- B.S., Molecular Biology, Texas Lutheran University, 1994
- Ph.D., Medical Physiology, Texas A&M Health Science Center, 1999
Endothelial invasion in 3D matrices
The mechanism through which primary human endothelial cells invade into 3D matrices is being studied. The model used mimics angiogenesis, or the process of new blood vessel formation from existing structures. Angiogenesis is critical for successful pregnancy and abnormally stimulated during tumor growth, rheumatoid arthritis and blinding eye diseases such as diabetic retinopathy, retinopathy of prematurity and macular degeneration. Intracellular molecular signals that are responsible for endothelial invasion responses are being investigated; along with important surface molecules include membrane-associated matrix metalloproteinases and integrins. We are utilizing pharmacological, gene knockdown, gene expression and protein localization studies to confirm the involvement of all molecules identified in preliminary screening experiments.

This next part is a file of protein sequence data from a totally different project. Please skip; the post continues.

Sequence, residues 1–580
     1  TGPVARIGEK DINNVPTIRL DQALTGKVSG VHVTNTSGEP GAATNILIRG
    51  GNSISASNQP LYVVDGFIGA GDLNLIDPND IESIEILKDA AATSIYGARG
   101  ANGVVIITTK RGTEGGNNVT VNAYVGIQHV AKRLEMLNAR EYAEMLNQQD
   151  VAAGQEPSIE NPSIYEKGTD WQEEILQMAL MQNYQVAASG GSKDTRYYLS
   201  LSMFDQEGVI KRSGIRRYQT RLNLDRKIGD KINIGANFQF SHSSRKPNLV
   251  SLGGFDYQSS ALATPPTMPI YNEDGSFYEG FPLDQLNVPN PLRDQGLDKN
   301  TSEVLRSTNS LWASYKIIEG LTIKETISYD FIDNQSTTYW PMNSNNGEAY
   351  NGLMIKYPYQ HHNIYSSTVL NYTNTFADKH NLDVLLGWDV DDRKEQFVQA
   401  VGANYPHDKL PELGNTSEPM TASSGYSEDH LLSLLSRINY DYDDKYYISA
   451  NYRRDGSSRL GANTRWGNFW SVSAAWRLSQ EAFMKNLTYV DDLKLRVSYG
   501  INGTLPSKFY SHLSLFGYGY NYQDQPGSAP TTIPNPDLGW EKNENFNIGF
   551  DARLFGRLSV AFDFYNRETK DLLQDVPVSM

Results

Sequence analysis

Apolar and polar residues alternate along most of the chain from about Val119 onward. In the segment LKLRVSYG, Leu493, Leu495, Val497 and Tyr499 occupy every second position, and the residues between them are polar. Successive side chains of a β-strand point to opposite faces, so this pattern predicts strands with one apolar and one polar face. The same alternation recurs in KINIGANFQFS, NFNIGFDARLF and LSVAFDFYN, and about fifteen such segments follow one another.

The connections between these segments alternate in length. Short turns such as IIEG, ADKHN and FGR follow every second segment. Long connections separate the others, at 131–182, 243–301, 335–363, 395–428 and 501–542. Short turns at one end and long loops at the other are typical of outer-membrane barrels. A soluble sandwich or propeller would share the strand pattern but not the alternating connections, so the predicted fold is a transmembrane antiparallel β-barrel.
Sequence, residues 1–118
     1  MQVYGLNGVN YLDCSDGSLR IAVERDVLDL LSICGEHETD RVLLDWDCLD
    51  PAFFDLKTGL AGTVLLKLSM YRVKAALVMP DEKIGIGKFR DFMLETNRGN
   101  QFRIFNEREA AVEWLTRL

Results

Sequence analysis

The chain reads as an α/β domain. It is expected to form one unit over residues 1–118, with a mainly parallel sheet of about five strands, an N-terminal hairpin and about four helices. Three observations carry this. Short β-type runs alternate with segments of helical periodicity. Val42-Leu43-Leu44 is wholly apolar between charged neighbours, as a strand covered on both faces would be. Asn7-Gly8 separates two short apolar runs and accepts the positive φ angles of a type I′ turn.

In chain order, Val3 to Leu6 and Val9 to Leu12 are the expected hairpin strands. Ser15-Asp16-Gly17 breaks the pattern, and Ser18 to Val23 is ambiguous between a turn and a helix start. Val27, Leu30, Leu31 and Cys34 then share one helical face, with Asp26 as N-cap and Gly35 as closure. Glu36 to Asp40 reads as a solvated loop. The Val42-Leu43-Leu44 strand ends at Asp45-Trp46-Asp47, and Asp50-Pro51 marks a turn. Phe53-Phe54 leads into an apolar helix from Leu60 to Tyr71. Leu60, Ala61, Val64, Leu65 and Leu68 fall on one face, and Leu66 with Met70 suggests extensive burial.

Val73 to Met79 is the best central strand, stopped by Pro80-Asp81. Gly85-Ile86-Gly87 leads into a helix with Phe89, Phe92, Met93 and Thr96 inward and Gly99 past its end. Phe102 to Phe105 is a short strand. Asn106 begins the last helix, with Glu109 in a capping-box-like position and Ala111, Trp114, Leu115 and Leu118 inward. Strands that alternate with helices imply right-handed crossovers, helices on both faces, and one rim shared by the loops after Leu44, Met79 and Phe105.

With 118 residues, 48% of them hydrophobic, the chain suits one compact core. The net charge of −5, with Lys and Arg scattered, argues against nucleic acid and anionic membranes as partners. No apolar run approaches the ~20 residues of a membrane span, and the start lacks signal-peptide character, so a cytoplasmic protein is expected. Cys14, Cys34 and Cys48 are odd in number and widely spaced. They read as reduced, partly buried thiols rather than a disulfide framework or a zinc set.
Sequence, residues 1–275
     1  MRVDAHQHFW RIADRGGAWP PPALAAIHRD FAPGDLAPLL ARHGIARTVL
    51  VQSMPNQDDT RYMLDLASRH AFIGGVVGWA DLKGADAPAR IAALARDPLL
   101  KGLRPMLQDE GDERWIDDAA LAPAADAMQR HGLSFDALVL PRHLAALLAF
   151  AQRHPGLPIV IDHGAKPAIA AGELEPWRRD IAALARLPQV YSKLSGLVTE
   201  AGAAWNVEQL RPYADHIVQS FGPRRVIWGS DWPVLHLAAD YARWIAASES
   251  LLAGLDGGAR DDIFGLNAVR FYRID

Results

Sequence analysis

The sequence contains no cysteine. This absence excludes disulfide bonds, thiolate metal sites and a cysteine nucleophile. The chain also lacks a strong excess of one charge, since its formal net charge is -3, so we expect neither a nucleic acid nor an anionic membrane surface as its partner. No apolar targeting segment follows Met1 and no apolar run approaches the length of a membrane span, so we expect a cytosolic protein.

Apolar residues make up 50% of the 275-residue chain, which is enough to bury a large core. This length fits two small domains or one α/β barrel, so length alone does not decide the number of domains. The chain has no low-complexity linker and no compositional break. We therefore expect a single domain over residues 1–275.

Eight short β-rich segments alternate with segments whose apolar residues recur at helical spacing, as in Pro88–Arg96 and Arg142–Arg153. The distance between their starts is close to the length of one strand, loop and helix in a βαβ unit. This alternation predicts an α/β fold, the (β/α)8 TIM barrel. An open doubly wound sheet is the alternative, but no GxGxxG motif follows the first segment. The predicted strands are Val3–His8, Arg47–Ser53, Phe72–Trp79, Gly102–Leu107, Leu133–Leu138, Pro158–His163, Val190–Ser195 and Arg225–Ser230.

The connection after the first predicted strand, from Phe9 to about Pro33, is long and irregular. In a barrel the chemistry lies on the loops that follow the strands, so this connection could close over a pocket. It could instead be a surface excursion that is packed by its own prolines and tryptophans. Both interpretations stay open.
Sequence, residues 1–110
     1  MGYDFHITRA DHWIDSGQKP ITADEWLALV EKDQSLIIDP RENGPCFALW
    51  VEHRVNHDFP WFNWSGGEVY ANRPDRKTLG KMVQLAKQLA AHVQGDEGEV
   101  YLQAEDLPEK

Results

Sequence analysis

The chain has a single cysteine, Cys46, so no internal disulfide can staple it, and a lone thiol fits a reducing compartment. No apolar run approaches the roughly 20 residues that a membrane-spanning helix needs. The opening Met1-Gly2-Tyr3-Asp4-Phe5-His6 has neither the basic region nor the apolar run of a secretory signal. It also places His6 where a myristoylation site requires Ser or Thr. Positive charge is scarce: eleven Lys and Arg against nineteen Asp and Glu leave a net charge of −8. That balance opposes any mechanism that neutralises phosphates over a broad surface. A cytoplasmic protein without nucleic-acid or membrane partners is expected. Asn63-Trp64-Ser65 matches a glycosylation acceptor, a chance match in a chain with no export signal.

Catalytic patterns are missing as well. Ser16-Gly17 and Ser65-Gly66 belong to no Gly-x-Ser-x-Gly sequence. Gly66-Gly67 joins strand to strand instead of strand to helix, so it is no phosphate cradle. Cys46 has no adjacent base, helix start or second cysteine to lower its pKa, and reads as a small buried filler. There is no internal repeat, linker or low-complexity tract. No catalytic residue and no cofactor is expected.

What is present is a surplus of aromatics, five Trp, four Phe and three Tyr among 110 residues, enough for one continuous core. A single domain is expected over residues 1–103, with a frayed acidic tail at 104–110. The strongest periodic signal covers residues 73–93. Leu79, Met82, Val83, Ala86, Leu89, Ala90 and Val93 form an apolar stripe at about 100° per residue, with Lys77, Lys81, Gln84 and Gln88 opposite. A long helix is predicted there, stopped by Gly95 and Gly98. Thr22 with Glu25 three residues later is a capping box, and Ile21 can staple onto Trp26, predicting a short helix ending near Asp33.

Extracellular matrix biology
Collaborative studies with Dr. Alvin Yeh's laboratory (Texas A&M University, Department of Biomedical Engineering) have revealed details about communication between invading endothelial cells and their surrounding 3D collagen matrix. In these studies, two photon fluroescence was used to detect fluorescently-labeled endothelial cells as well as the surrounding collagen matrix using second harmonic generation (SHG). These studies combined with biochemical analyses are expected to provide further insight into molecular signals that regulate endothelial cell interactions with the extracellular fibrous collagen matrix as they form multicellular sprouting structures that contain lumens.
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